Addicts of hair-splitting criticism, or bourgeois "exterminators of Marxism", will perhaps see a contradiction between this recognition of the "abolition of the state" and repudiation of this formula as an anarchist one in the above passage from Anti-Dühring. It would not be surprising if the opportunists classed Engels, too, as an “anarchist”, for it is becoming increasingly common with the social-chauvinists to accuse the internationalists of anarchism.
Marxism has always taught that with the abolition of classes the state will also be abolished. The well-known passage on the "withering away of the state in Anti-Dühring accuses the anarchists not simply of favoring the abolition of the state, but of preaching that the state can be abolished “overnight”.
As the now prevailing "Social-Democratic" doctrine completely distorts the relation of Marxism to anarchism on the question of the abolition of the state, it will be particularly useful to recall a certain controversy in which Marx and Engels came out against the anarchists.
Controversy with the Anarchists
This controversy took place in 1873. Marx and Engels contributed articles against the Proudhonists, “autonomists” or "anti- authoritarians", to an Italian socialist annual, and it was not until 1913 that these articles appeared in German in Neue 2. Lenin is referring to the articles "L'indifferenza in materia politica" by Karl Marx and "Dell' Autorita" by Frederick Engels (Almanacco Republicano per l'anno 1874). Zeit.2
"If the political struggle of the working class assumes revolutionary form," wrote Marx, ridiculing the anarchists for their repudiation of politics, "and if the workers set up their revolutionary dictatorship in place of the dictatorship of the bourgeoisie, they commit the terrible crime of violating principles, for in order to satisfy their wretched, vulgar everyday needs and to crush the resistance of the bourgeoisie, they give the state a revolutionary and transient form, instead of laying down their arms and abolishing the state." (Neue Zeit Vol.XXXII, 1, 1913-14, p.40)
It was solely against this kind of “abolition” of the state that Marx fought in refuting the anarchists! He did not at all oppose the view that the state would disappear when classes disappeared, or that it would be abolished when classes were abolished. What he did oppose was the proposition that the workers should renounce the use of arms, organized violence, that is, the state, which is to serve to "crush the resistance of the bourgeoisie".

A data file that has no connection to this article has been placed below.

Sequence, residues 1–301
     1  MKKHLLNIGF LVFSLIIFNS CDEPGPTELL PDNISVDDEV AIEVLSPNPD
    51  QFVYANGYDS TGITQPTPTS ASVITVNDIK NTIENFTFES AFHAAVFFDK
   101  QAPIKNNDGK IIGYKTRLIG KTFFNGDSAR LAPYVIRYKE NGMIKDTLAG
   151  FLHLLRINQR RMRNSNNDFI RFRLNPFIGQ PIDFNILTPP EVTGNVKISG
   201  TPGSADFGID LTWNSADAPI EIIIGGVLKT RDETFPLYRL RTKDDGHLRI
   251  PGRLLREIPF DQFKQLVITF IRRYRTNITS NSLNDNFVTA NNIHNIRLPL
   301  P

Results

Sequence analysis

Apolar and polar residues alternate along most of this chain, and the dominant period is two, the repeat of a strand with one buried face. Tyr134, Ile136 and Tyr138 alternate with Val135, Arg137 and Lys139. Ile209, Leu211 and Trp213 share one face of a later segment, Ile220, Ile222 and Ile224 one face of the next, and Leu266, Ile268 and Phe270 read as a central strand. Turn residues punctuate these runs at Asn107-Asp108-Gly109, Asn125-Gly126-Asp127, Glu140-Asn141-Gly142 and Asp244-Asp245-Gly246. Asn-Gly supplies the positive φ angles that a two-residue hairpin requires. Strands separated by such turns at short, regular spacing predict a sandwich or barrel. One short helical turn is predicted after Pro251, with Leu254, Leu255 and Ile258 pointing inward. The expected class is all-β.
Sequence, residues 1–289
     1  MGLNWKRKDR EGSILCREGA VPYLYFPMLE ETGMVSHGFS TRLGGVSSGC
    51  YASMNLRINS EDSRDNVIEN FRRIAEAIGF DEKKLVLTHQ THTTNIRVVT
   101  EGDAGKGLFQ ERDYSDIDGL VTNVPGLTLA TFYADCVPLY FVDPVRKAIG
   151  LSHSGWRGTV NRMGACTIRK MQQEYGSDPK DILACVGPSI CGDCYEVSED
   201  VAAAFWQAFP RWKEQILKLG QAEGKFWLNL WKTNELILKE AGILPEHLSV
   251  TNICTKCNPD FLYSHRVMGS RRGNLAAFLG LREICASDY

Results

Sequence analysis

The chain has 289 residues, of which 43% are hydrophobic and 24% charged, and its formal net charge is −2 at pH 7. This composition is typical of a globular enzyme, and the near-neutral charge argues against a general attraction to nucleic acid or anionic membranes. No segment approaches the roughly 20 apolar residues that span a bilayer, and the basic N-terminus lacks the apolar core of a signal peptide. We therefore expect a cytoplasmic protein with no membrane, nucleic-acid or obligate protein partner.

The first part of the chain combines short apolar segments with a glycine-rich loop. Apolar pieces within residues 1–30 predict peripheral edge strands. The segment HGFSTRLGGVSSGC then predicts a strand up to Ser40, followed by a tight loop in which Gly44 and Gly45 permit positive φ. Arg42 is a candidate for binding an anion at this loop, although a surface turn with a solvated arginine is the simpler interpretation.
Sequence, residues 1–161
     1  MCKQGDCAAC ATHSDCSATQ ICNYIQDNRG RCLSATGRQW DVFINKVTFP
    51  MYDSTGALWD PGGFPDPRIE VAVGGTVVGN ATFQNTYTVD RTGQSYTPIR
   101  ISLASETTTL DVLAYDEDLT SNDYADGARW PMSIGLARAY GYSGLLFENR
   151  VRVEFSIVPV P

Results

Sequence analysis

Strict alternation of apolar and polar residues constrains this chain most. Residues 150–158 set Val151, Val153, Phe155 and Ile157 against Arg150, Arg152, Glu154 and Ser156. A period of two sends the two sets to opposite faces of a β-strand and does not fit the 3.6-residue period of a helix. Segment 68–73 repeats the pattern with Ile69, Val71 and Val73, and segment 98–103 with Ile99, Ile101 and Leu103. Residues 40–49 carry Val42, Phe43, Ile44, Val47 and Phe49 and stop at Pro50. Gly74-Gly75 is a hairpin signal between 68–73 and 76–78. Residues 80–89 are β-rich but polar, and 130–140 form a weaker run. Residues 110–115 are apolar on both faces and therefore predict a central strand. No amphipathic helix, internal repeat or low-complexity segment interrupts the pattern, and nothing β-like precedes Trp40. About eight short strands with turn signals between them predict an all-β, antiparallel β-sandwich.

To prevent the true meaning of his struggle against anarchism from being distorted, Marx expressly emphasized the "revolutionary and transient form" of the state which the proletariat needs. The proletariat needs the state only temporarily. We do not after all differ with the anarchists on the question of the abolition of the state as the aim. I cannot tell you how many times I've wanted people to re-read this sentence. We maintain that, to achieve this aim, we must temporarily make use of the instruments, resources, and methods of state power against the exploiters, just as the temporary dictatorship of the oppressed class is necessary for the abolition of classes. Marx chooses the sharpest and clearest way of stating his case against the anarchists: After overthrowing the yoke of the capitalists, should the workers "lay down their arms", or use them against the capitalists in order to crush their resistance? But what is the systematic use of arms by ne class against another if not a "transient form" of state?
Let every Social-Democrat ask himself: Is that how he has been posing the question of the state in controversy with the anarchists? Is that how it has been posed by the vast majority of the official socialist parties of the Second International?
Engels expounds the same ideas in much greater detail and still more popularly. First of all he ridicules the muddled ideas of the Proudhonists, who call themselves "anti-authoritarians", i.e., repudiated all authority, all subordination, all power. Take a factory, a railway, a ship on the high seas, said Engels: is it not clear that not one of these complex technical establishments, based on the use of machinery and the systematic co-operation of many people, could function without a certain amount of subordination and, consequently, without a certain amount of authority or power?
"... When I counter the most rabid anti-authoritarians with these arguments, they only answer they can give me is the following: Oh, that's true, except that here it is not a question of authority with which we vest our delegates, but of a commission! These people imagine they can change a thing by changing its name...."